THE CHARISM OF CONSOLATION AND THE CHALLENGES OF TODAY’S CULTURE
The subject of culture or “cultures” is certainly relevant to any discussion of missionary activity. But questions about what this involves and how we should approach or engage in this discussion from the perspective of our charism, consolation, are not easy to resolve. The problem arises from the complexity of this subject (culture), its geographical location and our point of view.
Our point of view will define the importance of culture; do we see it as a key to the heart and life of a people we hope to evangelize.
Anyone who has lived even briefly in Europe during the last twenty or thirty years will be aware of the enormous cultural confusion that exists; the continent has undergone astonishing upheavals. The great political, ideological and religious world-views have disappeared and all that remains is a weak and fragmented philosophy, a formless, amorphous culture that takes its form from the situations it experiences. This “liquid” culture is capable of “liquefying” (relativizing) anything solid it encounters: examples to be imitated or reproduced, categorical (including moral) principles… Even religious conviction is relegated to the realm of the private and has little impact on society. Nowadays the subjective is the measure of all things; one is like a supermarket customer free to choose or reject an item depending on how it makes him feel – and this includes religion.
These phenomena are certainly changeable but their effect reaches beyond the boundaries of Europe and influences cultures on all continents – cultures that may be less embattled or more fragile. Missionaries in Africa, Asia or Latin America should harbor no illusions: these problems do not concern only “old, decadent Europe.”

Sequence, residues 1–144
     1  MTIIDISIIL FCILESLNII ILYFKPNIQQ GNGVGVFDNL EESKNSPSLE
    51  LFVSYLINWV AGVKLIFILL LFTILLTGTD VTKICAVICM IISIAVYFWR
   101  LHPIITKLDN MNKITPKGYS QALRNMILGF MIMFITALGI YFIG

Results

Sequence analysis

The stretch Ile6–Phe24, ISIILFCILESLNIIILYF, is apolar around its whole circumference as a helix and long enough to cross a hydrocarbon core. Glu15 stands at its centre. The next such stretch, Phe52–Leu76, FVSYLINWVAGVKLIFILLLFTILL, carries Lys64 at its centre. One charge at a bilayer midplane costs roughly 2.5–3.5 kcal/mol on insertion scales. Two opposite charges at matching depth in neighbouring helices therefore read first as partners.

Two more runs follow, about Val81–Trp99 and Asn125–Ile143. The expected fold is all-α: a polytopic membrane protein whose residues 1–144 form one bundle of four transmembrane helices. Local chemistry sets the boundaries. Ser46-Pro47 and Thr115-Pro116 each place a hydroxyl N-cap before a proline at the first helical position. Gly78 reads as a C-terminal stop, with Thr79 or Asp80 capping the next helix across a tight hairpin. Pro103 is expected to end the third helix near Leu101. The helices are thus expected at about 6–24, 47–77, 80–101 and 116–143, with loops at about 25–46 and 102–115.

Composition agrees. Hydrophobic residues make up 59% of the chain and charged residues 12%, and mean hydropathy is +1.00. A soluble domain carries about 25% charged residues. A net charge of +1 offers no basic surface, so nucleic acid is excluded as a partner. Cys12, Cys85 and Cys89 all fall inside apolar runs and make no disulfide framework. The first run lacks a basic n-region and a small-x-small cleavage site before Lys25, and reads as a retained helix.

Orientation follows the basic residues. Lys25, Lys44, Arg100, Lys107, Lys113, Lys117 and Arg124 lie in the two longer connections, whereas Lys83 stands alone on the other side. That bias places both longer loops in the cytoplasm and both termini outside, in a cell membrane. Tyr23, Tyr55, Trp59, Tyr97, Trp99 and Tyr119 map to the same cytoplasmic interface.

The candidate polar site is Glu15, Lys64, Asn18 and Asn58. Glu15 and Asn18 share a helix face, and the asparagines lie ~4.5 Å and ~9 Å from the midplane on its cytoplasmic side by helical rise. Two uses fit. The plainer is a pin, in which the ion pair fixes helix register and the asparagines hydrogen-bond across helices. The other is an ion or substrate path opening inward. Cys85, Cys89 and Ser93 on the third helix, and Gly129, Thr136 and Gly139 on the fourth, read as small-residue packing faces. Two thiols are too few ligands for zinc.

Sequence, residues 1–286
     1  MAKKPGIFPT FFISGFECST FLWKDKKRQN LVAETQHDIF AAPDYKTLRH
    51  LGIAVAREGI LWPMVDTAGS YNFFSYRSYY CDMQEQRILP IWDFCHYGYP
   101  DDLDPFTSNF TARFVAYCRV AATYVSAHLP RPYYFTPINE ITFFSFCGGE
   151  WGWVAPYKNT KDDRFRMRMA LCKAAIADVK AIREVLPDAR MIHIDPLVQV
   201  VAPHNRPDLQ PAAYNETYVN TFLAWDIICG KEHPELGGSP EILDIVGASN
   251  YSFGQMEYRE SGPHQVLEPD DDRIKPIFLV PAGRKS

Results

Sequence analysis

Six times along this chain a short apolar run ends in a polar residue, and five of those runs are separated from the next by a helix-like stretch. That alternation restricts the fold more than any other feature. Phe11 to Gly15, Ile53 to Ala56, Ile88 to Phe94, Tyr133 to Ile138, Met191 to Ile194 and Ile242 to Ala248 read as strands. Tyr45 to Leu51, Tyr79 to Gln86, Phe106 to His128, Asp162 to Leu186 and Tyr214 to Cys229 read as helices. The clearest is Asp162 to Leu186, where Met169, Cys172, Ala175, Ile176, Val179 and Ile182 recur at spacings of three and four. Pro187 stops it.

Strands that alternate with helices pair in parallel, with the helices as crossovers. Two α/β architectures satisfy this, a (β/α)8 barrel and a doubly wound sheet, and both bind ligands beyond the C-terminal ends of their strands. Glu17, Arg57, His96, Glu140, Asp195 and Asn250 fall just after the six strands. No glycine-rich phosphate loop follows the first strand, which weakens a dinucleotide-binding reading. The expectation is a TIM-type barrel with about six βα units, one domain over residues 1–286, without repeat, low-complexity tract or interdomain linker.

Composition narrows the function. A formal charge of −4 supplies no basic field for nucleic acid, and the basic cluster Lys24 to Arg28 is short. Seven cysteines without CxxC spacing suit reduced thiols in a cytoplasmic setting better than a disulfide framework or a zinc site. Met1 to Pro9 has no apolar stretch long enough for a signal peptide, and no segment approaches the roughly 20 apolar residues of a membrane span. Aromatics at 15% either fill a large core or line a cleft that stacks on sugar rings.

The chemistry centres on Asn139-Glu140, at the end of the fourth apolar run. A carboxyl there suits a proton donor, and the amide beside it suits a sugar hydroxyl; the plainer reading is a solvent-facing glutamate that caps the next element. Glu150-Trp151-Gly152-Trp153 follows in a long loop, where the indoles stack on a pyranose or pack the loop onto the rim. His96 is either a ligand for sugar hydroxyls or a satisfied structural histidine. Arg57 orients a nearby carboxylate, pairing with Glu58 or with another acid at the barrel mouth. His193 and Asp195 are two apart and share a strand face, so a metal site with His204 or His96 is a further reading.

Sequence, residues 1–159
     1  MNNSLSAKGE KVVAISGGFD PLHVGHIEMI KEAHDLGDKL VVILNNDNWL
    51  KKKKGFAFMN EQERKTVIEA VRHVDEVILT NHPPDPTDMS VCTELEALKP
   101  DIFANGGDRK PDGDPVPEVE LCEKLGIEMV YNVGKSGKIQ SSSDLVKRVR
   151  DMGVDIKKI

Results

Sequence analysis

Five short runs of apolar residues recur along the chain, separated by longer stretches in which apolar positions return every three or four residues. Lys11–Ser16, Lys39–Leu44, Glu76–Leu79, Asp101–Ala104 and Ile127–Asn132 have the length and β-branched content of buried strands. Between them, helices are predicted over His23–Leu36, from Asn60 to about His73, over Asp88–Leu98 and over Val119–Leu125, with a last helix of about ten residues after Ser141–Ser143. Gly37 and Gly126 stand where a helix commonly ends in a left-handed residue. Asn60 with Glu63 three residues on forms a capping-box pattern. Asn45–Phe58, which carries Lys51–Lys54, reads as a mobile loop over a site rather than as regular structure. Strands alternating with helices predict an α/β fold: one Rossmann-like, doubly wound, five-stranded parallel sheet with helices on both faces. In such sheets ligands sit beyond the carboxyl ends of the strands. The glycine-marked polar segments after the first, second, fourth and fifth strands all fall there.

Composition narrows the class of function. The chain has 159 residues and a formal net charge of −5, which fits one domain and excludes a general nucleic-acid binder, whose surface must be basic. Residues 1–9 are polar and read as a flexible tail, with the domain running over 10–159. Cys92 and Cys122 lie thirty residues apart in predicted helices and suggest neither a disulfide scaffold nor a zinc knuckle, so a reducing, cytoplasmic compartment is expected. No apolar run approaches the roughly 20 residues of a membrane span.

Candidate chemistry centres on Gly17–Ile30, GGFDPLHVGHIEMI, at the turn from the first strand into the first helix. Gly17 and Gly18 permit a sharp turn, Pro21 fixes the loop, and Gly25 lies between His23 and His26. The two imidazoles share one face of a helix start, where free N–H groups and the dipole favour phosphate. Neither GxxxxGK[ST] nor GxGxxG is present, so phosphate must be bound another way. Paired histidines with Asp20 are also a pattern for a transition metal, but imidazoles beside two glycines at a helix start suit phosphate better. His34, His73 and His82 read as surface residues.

The same phenomena affect religious life and our Institute. We must learn to calculate their impact on how we understand and practice the essential aspects of consecration, spirituality, poverty, community life and the apostolic spirit.
Undoubtedly the validity of a missionary method or model depends on its ability to mediate the Gospel in a given culture. Missionary action is effective when it can establish a link between the Gospel and the heart and center of a culture.
There is an example of the ideal relationship between missions and culture that predates the Christian missionary enterprise began – it almost predates the foundation of the Church. In the Letter to the Philippians (2,5-8) we read: “Make your own the mind of Christ Jesus, who, being in the form of God, did not count equality with God something to be grasped. But he emptied himself taking the form of a slave, becoming as human beings are; and being in every way like a human being, he was humbler yet, even to accepting death, death on a cross.”
The Incarnation: God becomes man and lives in the midst of men; the historical Jesus is the example from which we take inspiration. Jesus shows us that God is “near and participates” in human affairs – Jesus makes human affairs worthy of God’s presence.
Jesus’ is obedient to the Father, his Word reveals the Father and his actions demonstrate how God works in the midst of men. This is a source of inspiration for any missionary work that hopes to establish a “saving” presence in a specific human context.
Basically the missionary enterprise is an attempt to open human space to the presence of God. This attempt may not force the issue but at the same time it is a fearless, direct and explicit proclamation.
The basic, fundamental attitude is one of closeness and identification with the world in which we live. This attitude moves both “intellect and feeling.” We cannot be a bearers of consolation unless we love the human milieu in which we work. This “love” reflects the great love God has for the portion of mankind we serve.